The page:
At the end of a tough, emotional day in Phoenix last week, my brother-in-law Cal idly flicked on the DVR to a pre-recorded golf tournament. The two of us became interested, but we were still able to talk to each other, like you can at a baseball game. My niece Stephanie, who was managing a five-week-old baby, happened to walk in front of us. I yelled, “Steph! Get out of the way! The ball’s about to drop!” She was startled for a nanosecond, then realized I was playing with her. But really: how could two grown men invest that much attention into golf, the most potentially boring of all televised sports?
Aside from the fact that it was the final round of the Buick Open and we were watching perhaps (though I’m perfectly willing to strike that qualifier) the greatest golfer who ever picked up a club, performing in the prime of his career, it’s a valid question indeed. I too once found tv golf the dumbest thing you could possibly broadcast. Then I started playing the game.
My friend Stanley Graham did it. He’s the kind of guy who lives to encourage; you could screech your way through Jack Benny’s violin scales and he’d say, “You’re getting much better.” It’s possible, but very difficult, to get Stanley mad. Over many weeks, he coaxed me onto a golf course, then he and Phil Allen patiently taught me the rudiments of the game. Keep your head down when you strike the ball (it’s counterintuitive: you want to watch your ball’s flight, but if you lift your head, you’re almost guaranteed to muff the shot. Watching your ball is what your partners are for). The ball farthest from the hole is played first (a moment’s reflection will reveal why). Bad luck is part of the game; you have to “play it as it lays,” though in non-competitive rounds (that is, no money on the line), I’ve witnessed the devilish use of a “foot wedge” to improve a lie. Foot wedges aside, you can’t touch your ball until it’s on the green. It’s rude, and potentially injurious to your fellow player’s putt, to walk across the line from his ball to the hole. The lowest score on a hole carries with it the “honor” of hitting first on the next tee. Stanley and Phil wisely refrained from cramming a lot of “swing thoughts” into my head; too many can paralyze you, even if you’re a seasoned pro. “Keep your head down” was plenty for me; it took several rounds to sink in.
Golf is a gentlemanly game, even if some of the world’s best players these days are women. Some of the rules seem Victorian, which is part of the charm. The thing I admire most is that a golfer is expected to police himself. Just last weekend at the Bridgestone Invitational, a pro moved his ball marker the length of his putter’s head to get it out of another player’s line, and failed to replace it (that’s a relatively rare occurrence which interrupted his routine) before it was his turn to putt. For this infraction, he was penalized two strokes, potentially representing many thousands of dollars. But get this: he called the penalty on himself. As performance-enhancing drugs fill sports with shameful asterisks, from football to cycling, pro golfers still respect the rules and, for the most part, each other.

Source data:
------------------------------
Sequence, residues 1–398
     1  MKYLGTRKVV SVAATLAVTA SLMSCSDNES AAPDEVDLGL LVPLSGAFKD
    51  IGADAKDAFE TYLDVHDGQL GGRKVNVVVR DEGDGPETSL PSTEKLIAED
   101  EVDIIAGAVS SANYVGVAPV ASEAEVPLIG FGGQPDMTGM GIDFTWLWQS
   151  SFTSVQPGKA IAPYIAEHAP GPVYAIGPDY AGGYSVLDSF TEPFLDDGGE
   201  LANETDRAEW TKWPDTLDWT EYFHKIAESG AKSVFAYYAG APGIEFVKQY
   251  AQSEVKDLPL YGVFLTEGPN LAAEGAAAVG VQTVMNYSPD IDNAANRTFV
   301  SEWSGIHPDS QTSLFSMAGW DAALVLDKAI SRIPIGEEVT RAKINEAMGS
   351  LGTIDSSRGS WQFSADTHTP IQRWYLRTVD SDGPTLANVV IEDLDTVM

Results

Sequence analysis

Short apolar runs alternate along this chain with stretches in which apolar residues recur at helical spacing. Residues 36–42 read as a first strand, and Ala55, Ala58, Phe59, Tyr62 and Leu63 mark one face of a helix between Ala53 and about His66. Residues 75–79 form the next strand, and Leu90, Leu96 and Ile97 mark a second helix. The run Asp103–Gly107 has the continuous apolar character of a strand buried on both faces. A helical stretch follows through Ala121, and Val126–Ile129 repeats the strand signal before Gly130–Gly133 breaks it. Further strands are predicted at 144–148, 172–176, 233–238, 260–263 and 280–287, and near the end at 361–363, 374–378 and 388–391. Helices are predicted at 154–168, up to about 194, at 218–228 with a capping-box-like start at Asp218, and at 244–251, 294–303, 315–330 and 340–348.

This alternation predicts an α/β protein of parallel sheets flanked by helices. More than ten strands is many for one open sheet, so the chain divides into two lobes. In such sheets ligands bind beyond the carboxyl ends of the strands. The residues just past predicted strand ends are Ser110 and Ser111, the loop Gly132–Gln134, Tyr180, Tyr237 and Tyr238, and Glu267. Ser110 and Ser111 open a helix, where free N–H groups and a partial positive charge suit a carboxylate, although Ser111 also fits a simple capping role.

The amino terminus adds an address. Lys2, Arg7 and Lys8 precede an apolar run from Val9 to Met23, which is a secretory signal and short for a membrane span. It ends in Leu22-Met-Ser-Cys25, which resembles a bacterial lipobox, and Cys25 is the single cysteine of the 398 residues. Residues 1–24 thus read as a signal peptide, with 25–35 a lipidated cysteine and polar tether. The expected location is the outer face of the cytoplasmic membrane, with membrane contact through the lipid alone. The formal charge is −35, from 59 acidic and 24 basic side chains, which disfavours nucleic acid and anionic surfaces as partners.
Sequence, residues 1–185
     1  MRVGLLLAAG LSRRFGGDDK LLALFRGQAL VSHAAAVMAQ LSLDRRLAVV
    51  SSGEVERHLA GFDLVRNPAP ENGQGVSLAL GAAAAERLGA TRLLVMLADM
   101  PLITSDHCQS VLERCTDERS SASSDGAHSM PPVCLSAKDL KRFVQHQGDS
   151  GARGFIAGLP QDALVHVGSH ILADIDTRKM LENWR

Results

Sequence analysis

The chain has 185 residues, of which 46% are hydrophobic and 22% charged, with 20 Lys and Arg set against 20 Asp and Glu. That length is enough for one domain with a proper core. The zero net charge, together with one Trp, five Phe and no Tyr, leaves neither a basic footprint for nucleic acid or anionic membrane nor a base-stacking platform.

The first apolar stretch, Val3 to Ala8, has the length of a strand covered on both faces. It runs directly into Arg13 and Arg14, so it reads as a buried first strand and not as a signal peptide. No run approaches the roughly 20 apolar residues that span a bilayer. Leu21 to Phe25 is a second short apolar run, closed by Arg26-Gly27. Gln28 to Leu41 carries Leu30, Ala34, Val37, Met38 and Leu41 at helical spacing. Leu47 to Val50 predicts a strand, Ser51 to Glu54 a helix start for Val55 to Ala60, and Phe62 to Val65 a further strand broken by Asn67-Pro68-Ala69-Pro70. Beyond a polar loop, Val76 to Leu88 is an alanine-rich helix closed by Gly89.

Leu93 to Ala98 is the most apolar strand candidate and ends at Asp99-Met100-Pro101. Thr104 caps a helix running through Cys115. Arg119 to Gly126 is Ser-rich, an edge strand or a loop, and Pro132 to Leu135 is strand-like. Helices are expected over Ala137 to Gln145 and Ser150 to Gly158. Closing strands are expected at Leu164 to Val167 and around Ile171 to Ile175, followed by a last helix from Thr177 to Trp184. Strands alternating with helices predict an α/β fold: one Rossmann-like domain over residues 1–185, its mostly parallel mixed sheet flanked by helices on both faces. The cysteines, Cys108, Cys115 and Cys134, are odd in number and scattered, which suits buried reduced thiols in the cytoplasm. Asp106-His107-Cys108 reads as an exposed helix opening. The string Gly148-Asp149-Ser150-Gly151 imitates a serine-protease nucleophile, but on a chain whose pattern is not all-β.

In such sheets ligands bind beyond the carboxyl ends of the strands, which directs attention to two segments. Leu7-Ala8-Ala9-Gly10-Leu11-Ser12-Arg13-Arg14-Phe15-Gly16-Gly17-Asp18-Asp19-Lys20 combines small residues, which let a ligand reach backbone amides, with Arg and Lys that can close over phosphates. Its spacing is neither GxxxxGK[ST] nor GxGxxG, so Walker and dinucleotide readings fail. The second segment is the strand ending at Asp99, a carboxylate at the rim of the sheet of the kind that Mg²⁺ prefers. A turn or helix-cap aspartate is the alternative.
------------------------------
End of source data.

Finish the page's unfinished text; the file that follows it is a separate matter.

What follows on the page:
As it is with most pursuits, the pros play a different game from you and me. They can all hit it a mile, on a trajectory that looks like a jetliner taking off. They don’t amble along in their electric golf carts to the next shot: they walk so fast that sometimes you have to do that little half-skip to keep up with them. They want to spend those precious seconds standing over the ball and figuring out what to do now. And when they squat down to read the twists and turns of a green, they’re actually evaluating it, instead of copying a pose they saw on TV.
Because of the leisurely pace and close proximity, you can learn a lot about people by playing a round of golf with them. The experience unerringly reveals character in everyone who tees it up. How competitive are they? Do they get angry when things don’t go their way (and they can’t always, not for four straight hours)? How many foot wedges do they use? Are they supportive of the other golfers? (As in friendly pool games, you usually hear sincere compliments on a good shot from the other players.) More than once, I’ve evaluated a club-thumper or –tosser by thinking, glad I don’t have to do business with this loser. I even declined one copywriting assignment, back when I made my living that way, for no other reason than my would-be client’s behavior on the course. Keep yer money, pal.
Stanley and Phil’s best efforts failed to produce a competent golfer in me. Phil used to call the sport “flog,” which is basically all I do. But I’ve never, ever, played a round that I didn’t enjoy, and I always can’t wait for the next one. The rap on golf among non-players is that you hit a little white ball as far as you can, then you go find it and hit it again. Haw haw haw. What you actually have to do is hit the little white ball toward a hole that you’re usually not close enough to see, being careful to avoid the sand, water and trees that are in your way, then develop a much softer touch as you get closer, and finally undergo a precise and nerve-wracking test of hand-eye coordination, on a surface that might resemble a pool table, provided that table had curves, ridges and undulations. You can’t put yourself in the professionals’ place unless you’ve tried it. Then, once you understand how truly difficult golf is, you enjoy watching a world-class player display his character. That’s why I’m going to be tuned in this coming weekend for the PGA Championship, golf’s final major tournament of the year. As in tennis, the majors really rev up the players – and, despite skeptical nieces, a revved-up golf pro is a beautiful sight to see.